Second, in the fall of 2010, at the direction of the Chief of the Public Integrity Section, Jack Smith, I contacted the Internal Revenue Service for the purpose of discussing and helping our section better understand the evolving legal landscape surrounding potential violations of the Federal Election Campaign Act, which I'll also call FECA today. And that is following the Supreme Court's decision earlier that year in Citizens United v. FEC.

The Department — that's the Department of Justice — has jurisdiction over criminal violations of FECA both in the Public Integrity Section and in the U.S. Attorney's Offices.

The Citizens United decision expressly upheld the role of transparency mandated by Congress for our campaign finance system, and we wanted to ensure that our section would be vigilant against the potential circumvention of FECA and its reporting requirements by 501(c) organizations.

The IRS, when I contacted them, they directed me to Ms. Lerner, who met once at the Public Integrity Section offices for about 1 hour with some of her staff, my chief, Jack Smith, other personnel from my section, and the FBI.

Ms. Lerner shared general information about 501(c) organizations. She also expressed her view that it would be impossible to criminally prosecute the abuse of tax status by 501(c) organizations either as a tax offense or a FECA offense.

Third, in approximately January of 2011, I contacted Ms. Lerner. To the best of my recollection, this was for the purpose of identifying an appropriate person at the IRS who could provide certain tax information in response to a court order arising out of a specific investigation.

As I understand, the Department has made clear, in preparation for this interview and in accord with your direction about 6103

information and consistent with the longstanding Department policy, I am not in a position to discuss that investigation.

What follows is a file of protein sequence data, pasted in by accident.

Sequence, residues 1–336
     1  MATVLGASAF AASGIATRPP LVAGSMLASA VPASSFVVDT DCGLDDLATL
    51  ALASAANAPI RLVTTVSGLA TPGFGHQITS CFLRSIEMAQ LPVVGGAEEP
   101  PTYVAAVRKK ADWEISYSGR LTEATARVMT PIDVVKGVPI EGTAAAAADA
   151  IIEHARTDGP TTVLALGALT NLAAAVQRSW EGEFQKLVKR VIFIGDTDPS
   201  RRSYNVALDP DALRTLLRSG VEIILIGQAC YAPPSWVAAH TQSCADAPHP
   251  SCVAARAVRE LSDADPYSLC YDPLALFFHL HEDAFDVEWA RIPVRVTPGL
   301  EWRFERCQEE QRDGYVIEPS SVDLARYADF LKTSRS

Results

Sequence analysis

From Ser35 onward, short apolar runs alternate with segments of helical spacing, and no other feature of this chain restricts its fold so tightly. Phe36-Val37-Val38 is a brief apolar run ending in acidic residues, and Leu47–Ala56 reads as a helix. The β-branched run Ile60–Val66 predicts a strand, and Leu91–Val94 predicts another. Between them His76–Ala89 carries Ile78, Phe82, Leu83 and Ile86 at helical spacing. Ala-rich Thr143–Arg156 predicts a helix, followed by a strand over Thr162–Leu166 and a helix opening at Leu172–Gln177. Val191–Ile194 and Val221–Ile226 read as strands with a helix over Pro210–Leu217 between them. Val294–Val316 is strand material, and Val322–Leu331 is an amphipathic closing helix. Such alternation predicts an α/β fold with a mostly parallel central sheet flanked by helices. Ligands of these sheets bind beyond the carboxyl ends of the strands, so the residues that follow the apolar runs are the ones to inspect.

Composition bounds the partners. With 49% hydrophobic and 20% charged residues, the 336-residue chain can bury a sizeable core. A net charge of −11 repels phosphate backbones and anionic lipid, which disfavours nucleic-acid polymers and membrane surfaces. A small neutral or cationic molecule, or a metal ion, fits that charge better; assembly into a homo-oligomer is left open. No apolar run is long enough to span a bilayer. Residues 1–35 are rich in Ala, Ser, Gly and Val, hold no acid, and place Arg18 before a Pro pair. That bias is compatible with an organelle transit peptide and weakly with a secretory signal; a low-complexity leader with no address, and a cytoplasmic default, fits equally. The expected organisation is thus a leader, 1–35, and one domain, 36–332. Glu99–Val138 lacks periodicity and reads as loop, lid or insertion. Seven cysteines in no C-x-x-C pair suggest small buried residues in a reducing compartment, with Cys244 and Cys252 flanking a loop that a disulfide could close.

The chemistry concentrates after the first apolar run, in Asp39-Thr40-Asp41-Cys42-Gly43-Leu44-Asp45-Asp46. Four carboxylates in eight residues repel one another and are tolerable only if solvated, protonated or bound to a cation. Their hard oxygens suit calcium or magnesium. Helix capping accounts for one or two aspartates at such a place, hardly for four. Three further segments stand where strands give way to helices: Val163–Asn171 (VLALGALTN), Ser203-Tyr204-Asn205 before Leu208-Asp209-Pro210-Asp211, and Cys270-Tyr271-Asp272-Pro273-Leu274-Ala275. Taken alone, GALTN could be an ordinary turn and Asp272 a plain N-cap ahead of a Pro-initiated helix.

Fourth, in the spring of 2013, I had a contact with Ms. Lerner in connection with an April 9th, 2013, oversight hearing by the Senate Judiciary Subcommittee on Crime and Terrorism.

The topic of that hearing was campaign finance law enforcement. The witnesses included a two-person panel comprised of the Acting Assistant Attorney General for the Criminal Division and an IRS official.

In advance of the hearing, I recall that Ms. Lerner participated by telephone in a preparation meeting with the Department's Criminal and Tax Division personnel. I do not recall any personal interaction between myself and Ms. Lerner at that time.

Following the hearing and a subsequent letter from Subcommittee Chairman Sheldon Whitehouse — that's Senator Sheldon Whitehouse — my section chief again directed me to contact Ms. Lerner to follow up on the chairman's question about whether the Department of Justice, the Treasury Department and the IRS had an effective mechanism for the IRS to refer to the Department of Justice evidence regarding potentially false statements that might have been submitted to the IRS.

I contacted Ms. Lerner to follow up. I do not recall substantive discussion. I do recall that she informed me that she was about to leave on vacation and that her staff would contact me to follow up.

Within days of that contact, however, allegations of misconduct involving the IRS became known to the Public Integrity Section and publicly, and I don't recall that any follow up occurred thereafter.

In conclusion, these are the professional contacts that Ms. Lerner and I have had that I recall. These professional contacts occurred in the context of a meeting to discuss and evaluate changes in the criminal enforcement landscape regarding Federal election law; a second time for the limited purpose of identifying a point of contact in connection with a particular law enforcement matter; and, lastly, for the purpose of responding to congressional inquiry simultaneously posed to both of our agencies — that's the Department and the Treasury — and the IRS.

To my knowledge, the IRS did not refer any matters to the Public Integrity Section as a result of contacts with Ms. Lerner. I do not believe that there was anything inappropriate about the direction given to me nor in my interactions with Ms. Lerner.

More specifically, I assure you that the Public Integrity Section never sought to target tax-exempt groups of any kind based upon the partisan content of any political speech, nor would I have ever tolerated such conduct.

Thank you.

This article was published at 3:38 p.m. and has been updated.